The Arab-majority Joint list admitted that their preferred option to end Israel's political deadlock is a fourth election rather than the cycle of recommending, or not, a candidate to form a government.
The party's leader Ayman Odeh told Haaretz Sunday “I won’t let myself sit and wait for Gantz… We’re 15-seats strong, and they should treat us accordingly.”
During a meeting in Kafr Qasem with representative of all four factions of the alliance, the party members agreed to decide whether to back Gantz only after a formal request is ordered, and in any case after negotiations over political and civic issues.
Speaking to Haaretz, Odeh clarified that among party members it's understood that in the political realm, one can always find a formula that can lead to compromise. MK Mansour Abbas, chairman of the United Arab List faction, also voiced the same opinion. Regardless, the Joint list understands that as of this evening, no serious process of discussion has begun, and things are still underway.
The Joint List also stressed that they are in agreement as a unified party, despite attempts to present them as divided in light of Balad's opposition for the party's recommendation of Gantz to form a government in previous elections. "Our position as a party is not to recommend," Balad Chairman Mtanes Shehadeh told Haaretz.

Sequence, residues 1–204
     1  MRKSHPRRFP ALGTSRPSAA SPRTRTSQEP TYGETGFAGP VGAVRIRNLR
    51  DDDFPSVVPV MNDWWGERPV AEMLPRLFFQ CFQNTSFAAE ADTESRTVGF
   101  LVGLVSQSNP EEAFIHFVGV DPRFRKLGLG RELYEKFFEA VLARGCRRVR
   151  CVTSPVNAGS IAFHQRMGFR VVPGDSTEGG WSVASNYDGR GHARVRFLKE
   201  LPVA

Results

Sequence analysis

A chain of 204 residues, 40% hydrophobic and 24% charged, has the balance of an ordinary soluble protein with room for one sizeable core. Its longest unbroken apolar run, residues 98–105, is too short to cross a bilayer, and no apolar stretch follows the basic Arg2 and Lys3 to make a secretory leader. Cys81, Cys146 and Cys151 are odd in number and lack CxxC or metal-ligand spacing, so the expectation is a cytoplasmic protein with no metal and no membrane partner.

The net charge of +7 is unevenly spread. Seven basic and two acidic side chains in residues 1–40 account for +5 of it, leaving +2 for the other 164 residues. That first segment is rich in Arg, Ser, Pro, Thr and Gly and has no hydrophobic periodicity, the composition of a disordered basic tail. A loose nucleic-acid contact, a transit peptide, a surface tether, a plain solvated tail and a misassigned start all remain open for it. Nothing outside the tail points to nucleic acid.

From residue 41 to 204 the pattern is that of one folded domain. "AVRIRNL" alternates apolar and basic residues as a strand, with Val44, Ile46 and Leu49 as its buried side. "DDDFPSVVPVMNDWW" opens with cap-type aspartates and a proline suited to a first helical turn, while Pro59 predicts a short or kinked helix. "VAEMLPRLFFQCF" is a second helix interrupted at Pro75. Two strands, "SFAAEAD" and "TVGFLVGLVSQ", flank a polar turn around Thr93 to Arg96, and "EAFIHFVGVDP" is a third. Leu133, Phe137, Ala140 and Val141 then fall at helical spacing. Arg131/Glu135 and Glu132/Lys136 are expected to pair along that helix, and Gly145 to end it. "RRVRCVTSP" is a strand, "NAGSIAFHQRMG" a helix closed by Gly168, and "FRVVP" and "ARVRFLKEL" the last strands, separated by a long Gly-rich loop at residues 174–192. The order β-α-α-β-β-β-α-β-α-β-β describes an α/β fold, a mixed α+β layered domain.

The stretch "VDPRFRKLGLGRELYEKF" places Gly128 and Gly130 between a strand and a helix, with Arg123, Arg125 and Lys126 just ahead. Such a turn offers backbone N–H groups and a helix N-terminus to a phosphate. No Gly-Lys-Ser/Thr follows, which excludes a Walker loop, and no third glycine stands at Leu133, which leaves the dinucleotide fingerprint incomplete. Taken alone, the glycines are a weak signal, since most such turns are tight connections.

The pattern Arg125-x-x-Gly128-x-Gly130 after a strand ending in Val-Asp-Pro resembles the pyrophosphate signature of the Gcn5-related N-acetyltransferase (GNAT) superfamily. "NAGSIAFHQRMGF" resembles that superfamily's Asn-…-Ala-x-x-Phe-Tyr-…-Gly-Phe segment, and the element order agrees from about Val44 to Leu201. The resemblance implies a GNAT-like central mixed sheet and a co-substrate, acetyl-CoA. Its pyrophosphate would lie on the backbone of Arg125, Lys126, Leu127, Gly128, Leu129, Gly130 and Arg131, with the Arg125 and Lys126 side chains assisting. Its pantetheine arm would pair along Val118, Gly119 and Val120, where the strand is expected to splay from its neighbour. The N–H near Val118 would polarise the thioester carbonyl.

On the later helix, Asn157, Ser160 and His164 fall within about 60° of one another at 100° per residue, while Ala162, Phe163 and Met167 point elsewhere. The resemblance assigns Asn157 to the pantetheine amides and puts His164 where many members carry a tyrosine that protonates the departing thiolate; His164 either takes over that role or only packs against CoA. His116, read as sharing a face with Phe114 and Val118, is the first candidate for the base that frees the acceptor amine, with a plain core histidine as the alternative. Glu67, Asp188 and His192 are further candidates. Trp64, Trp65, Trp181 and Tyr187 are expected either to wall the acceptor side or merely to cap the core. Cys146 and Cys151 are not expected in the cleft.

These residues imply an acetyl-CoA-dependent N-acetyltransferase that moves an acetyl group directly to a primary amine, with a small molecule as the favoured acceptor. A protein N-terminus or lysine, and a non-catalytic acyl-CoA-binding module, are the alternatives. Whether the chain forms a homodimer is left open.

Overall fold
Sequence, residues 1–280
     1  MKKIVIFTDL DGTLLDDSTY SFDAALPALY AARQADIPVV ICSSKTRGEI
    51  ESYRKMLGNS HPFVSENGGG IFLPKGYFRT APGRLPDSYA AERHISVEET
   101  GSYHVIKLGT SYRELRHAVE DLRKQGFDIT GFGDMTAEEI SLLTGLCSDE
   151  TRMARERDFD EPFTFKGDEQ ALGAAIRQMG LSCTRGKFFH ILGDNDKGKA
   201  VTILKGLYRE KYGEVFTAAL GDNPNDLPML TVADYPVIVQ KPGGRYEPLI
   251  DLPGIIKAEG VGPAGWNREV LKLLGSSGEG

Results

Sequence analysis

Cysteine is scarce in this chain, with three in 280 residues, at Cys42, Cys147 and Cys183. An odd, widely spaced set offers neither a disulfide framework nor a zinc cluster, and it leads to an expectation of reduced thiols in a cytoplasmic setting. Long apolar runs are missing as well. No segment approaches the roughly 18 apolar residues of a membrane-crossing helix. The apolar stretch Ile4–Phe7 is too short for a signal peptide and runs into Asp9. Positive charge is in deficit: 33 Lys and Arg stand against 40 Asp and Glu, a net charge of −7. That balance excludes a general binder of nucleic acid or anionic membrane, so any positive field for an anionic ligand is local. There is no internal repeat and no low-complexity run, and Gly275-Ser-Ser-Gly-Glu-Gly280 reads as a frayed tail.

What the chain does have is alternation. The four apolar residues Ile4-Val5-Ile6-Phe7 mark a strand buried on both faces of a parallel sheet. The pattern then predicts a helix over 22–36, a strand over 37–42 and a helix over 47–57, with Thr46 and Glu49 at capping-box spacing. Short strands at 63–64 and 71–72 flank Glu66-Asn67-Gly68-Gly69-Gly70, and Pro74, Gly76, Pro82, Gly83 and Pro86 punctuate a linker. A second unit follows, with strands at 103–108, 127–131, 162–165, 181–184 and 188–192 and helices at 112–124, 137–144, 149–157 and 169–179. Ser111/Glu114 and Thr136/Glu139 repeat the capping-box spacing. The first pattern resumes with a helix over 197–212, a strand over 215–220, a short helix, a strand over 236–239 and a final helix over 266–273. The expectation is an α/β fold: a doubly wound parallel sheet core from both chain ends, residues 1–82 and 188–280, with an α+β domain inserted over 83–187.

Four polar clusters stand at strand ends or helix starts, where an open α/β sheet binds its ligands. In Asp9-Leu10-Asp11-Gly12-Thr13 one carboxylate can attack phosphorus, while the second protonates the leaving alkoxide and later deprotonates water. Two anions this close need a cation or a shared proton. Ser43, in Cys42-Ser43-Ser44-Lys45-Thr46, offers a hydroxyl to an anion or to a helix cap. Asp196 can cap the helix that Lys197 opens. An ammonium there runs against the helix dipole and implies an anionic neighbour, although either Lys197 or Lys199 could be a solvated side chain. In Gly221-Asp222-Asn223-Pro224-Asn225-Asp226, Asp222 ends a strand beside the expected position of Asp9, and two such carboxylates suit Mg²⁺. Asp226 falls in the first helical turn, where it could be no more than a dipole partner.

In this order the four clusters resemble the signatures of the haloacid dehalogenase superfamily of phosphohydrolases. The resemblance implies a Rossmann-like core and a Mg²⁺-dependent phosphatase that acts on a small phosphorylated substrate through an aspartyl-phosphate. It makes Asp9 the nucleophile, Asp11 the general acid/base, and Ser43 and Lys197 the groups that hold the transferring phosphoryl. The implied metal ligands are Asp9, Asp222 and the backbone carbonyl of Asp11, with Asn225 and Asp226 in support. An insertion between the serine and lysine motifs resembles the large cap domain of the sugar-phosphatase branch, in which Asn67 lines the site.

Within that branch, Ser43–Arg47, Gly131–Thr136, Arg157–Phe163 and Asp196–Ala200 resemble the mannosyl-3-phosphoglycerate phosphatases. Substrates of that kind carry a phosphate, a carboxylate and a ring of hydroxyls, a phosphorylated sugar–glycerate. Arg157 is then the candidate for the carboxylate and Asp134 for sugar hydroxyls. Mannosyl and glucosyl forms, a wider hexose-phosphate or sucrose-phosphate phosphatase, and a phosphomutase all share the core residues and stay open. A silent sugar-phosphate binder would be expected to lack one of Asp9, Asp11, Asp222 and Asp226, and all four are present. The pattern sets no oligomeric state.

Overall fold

However the Joint List will "decide as a faction and the plan is that we will be 15 united in one position with all its consequences," added Shehadeh.
According to Shehadeh, Kahol Lavan hasn't yet officially requested a recommendation from the Joint List.
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The Joint List has been reluctant to back Gantz for the premiership after Kahol Lavan repeatedly and categorically ruled out any cooperation with the alliance in its election campaign. Nevertheless, if the Joint List does decide to recommend Gantz to President Reuven Rivlin, they will demand that he publicly present his stance on several political and civil issues that the alliance considers crucial before its lawmakers meet with the president for consultations.
A senior Joint List official said recently that the party fears that supporting Gantz would pave the Kahol Lavan leader's path to a narrow-coalition government at first, which would later disband in favor of a unity government with Likud, Yisrael Beiteinu and other parties after Netanyahu departs from the political scene. In such a case, the official says, the Joint List would lose its standing in the government.
Responding to the speech Gantz delivered Saturday, Joint List's Hadash lawmaker Aida Touma-Suleiman said that it's clear that the Kahol Lavan leader "doesn't understand that he won't get a recommendation from the Joint List without directly and publicly reaching out to the alliance."
Meanwhile, Senior Kahol Lavan member Moshe Ya’alon once again reiterated Monday that the party "won’t form any government with the Joint List,” but “won’t object” to their backing.